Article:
When the connection is successful, you should get an output such as 'Warpgate connected'. And you will be logged in to the target server 'node1'.
Enter the following command to verify the current server that you're logged in to. You will see that you've logged in to the 'node1' server via the Warpgate SSH bastion server.
If you check on the Warpgate web administration dashboard, you should see the fingerprint of your SSH target server.
Adding MySQL/MariaDB Target Server
In this section, you will add a MariaDB server to the Warpgate bastion server. Before that, you will set up the MariaDB server to run on a private/internal IP address, and also create a new MariaDB user for remote connections.
Log in to the MariaDB server and open the config file '/etc/mysql/mariadb.conf.d/50-server.cnf' using the following nano editor command.
sudo nano /etc/mysql/mariadb.conf.d/50-server.cnf
Uncomment the 'bind-address' parameter and change the value to your internal IP address. in this example, the MariaDB server will be run at the private IP address '192.168.5.25'.
bind-address = 192.168.5.25
Save the file, then edit the editor.
Enter the following command to restart the MariaDB service and apply the changes. When restarted, the MariaDB should be running on the IP address '192.168.5.25' instead of the default localhost.
sudo systemctl restart mariadb
Next, log in to the MariaDB shell as the root user to set up and create a new user.
sudo mariadb -u root -p
Enter the following queries to create a new MariaDB user 'appuser' and allow the user to access all databases on the MariaDB server. Also, be sure to change the password in the following query.
CREATE USER 'appuser'@'%' IDENTIFIED BY 'p4@@w0rd';
GRANT ALL PRIVILEGES ON *.* TO 'appuser'@'%' IDENTIFIED BY 'p4@@w0rd';
Next, you will set up the MariaDB client package on the machine that will be used to connect to the MariaDB server.
Install the 'mariadb-client' package via the following command. Input y when prompted and press ENTER to proceed.
sudo apt install mariadb-client
Now move to the Warpgate server, change the working directory to '/var/lib/warpgate', then copy Warpgate TLS certificates to your MariaDB client machine.
sudo scp tls.certificate.pem tls.key.pem [email protected]:/etc/mysql/
Now back to the client machine and open the MariaDB client configuration '/etc/mysql/mariadb.conf.d/50-client.cnf' using the following nano editor command.
sudo nano /etc/mysql/mariadb.conf.d/50-client.cnf
Add the following configurations to the '[client]' section to enable a secure client connection.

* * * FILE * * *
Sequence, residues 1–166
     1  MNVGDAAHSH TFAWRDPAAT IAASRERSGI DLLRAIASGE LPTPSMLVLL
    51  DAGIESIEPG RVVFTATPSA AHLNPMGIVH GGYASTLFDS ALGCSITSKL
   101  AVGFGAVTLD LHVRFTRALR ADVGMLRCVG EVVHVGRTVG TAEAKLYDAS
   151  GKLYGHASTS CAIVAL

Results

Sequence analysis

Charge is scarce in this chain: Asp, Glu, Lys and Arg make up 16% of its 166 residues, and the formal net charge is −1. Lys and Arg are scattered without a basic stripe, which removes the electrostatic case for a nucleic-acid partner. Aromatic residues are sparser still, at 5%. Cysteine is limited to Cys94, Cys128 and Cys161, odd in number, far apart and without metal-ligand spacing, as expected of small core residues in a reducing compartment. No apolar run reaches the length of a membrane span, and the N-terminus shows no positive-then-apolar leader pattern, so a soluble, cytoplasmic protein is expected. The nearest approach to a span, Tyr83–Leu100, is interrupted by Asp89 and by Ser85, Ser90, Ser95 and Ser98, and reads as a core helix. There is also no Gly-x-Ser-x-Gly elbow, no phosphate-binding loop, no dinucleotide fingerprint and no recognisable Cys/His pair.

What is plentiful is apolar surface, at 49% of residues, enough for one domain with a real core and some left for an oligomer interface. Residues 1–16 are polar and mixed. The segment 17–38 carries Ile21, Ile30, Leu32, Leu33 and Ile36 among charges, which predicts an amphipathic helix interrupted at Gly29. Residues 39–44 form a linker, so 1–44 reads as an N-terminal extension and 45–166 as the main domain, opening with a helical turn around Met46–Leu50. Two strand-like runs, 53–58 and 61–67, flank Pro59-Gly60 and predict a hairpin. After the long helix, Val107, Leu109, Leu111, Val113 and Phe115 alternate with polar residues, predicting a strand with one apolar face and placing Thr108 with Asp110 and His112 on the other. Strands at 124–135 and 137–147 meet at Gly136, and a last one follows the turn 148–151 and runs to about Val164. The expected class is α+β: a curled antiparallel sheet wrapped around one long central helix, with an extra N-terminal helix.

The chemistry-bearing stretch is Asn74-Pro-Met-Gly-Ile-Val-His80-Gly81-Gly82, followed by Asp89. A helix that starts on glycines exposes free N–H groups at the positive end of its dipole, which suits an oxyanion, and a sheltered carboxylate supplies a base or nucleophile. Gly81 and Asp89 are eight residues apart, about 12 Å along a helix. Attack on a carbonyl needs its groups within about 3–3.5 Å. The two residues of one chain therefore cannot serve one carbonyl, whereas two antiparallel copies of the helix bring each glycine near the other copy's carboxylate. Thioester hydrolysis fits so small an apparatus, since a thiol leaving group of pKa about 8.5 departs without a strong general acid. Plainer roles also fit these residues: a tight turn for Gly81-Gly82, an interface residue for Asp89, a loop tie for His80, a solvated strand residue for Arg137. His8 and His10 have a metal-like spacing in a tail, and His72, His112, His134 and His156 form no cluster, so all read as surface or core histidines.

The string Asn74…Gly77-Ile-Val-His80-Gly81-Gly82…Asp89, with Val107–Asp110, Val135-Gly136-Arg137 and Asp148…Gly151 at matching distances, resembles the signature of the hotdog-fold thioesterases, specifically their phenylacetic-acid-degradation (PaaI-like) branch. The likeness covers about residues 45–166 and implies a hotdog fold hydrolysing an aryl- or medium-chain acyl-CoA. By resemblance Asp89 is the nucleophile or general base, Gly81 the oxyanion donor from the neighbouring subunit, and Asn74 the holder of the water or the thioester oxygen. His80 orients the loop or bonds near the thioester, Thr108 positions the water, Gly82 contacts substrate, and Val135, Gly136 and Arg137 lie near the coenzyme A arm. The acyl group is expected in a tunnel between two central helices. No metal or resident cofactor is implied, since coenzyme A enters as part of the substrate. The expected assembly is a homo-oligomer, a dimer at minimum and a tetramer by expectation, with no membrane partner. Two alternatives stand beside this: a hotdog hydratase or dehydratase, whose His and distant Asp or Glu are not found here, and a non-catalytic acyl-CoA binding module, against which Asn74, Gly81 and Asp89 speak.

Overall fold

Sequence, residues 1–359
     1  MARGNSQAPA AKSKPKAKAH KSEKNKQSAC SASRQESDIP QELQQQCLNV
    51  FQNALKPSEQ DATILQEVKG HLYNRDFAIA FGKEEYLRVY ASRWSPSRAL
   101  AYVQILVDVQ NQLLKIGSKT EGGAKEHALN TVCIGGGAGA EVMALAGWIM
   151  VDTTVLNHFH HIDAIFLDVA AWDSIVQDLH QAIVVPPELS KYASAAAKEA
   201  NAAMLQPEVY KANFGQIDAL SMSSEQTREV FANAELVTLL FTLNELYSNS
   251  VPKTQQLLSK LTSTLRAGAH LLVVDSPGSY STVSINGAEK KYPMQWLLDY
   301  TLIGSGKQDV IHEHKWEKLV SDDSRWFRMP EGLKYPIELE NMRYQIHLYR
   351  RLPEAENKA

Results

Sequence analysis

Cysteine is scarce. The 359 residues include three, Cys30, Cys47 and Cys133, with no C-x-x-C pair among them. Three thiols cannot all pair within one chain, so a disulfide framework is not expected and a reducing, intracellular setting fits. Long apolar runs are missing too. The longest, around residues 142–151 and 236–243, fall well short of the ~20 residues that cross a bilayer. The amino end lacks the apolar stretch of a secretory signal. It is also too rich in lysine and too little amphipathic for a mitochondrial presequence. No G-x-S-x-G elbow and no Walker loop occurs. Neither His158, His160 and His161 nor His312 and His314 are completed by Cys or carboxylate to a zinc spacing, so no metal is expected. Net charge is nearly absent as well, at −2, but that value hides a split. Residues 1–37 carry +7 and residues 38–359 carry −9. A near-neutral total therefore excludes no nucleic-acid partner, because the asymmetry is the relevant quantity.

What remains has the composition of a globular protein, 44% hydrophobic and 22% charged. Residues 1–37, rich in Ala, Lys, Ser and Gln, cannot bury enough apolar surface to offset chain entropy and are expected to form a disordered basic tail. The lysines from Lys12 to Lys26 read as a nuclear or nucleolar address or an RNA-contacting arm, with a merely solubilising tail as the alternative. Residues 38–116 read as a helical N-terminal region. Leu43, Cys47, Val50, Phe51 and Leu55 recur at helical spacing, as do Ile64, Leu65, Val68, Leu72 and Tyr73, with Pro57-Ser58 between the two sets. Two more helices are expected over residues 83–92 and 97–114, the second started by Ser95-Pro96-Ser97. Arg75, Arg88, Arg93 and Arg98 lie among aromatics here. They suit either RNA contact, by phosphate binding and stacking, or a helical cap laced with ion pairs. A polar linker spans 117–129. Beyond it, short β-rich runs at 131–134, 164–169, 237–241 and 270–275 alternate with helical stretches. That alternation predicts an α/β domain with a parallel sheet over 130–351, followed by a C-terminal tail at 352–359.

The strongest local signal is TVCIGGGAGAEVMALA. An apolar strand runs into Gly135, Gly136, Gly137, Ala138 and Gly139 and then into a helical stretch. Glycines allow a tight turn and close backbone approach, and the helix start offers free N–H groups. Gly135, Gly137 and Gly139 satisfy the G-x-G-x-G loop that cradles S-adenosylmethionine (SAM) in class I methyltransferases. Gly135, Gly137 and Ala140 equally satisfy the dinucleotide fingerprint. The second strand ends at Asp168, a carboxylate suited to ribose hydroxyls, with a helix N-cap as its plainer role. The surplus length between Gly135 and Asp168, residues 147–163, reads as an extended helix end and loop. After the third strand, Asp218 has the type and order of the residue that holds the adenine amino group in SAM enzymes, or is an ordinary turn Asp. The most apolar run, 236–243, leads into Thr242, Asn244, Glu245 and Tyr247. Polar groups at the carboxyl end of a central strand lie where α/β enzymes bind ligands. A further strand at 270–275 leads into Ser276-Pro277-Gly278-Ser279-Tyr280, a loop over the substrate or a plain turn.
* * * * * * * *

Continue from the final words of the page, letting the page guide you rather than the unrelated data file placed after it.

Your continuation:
Save the file, then edit the editor when finished.
Now on the Warpgate dashboard, click the 'Config' menu, then click 'Add a target'.
Input the MariaDB server name, select the type as 'MySQL', then click Create target.
Change details host, user, and password with your MariaDB user details. Be sure to turn off the 'Verify certificate' option if you have default TLS certificates, then enable the 'warpgate:admin' role on the 'Allow access for roles' section.
Click 'Update configuration' when finished.
With the MariaDB server added to Warpgate, you can now access the MariaDB server via the Warpgate MySQL Bastion server.
From the MariaDB client machine, enter the following command to connect to the MariaDB server. When prompted, input the password of the Warpgate admin user.
mysql -u 'admin#mysql1' --host '192.168.5.10' --port 33306 --ssl -p
When connected, you should see the MariaDB shell prompt such as 'MySQL [(dbname)]>'. Enter the following queries to ensure that the user you're using is available on the MariaDB server.
SELECT host, user, plugin, authentication_string from mysql.user;
SHOW GRANTS FOR appuser@'%';
With this, you have now connected to the MariaDB server via Warpgate MySQL/MariaDB Bastion server.
In this tutorial, you have installed and configured the Warpgate Bastion server on Debian 11. You've configured Warpgate to run with systemd and UFW firewall. In addition to that, you have configured Warpgate as SSH and MySQL/MariaDB Bastion server, added the SSH target server, and also added the MySQL/MariaDB target server.
With this in mind, you can now set up new users, roles, and add new connections to your Warpgate Bastion Server. And you can centralize user connections and accesses via a single centralized Bastion server. To find the details about Warpgate, visit the Warpgate official documentation.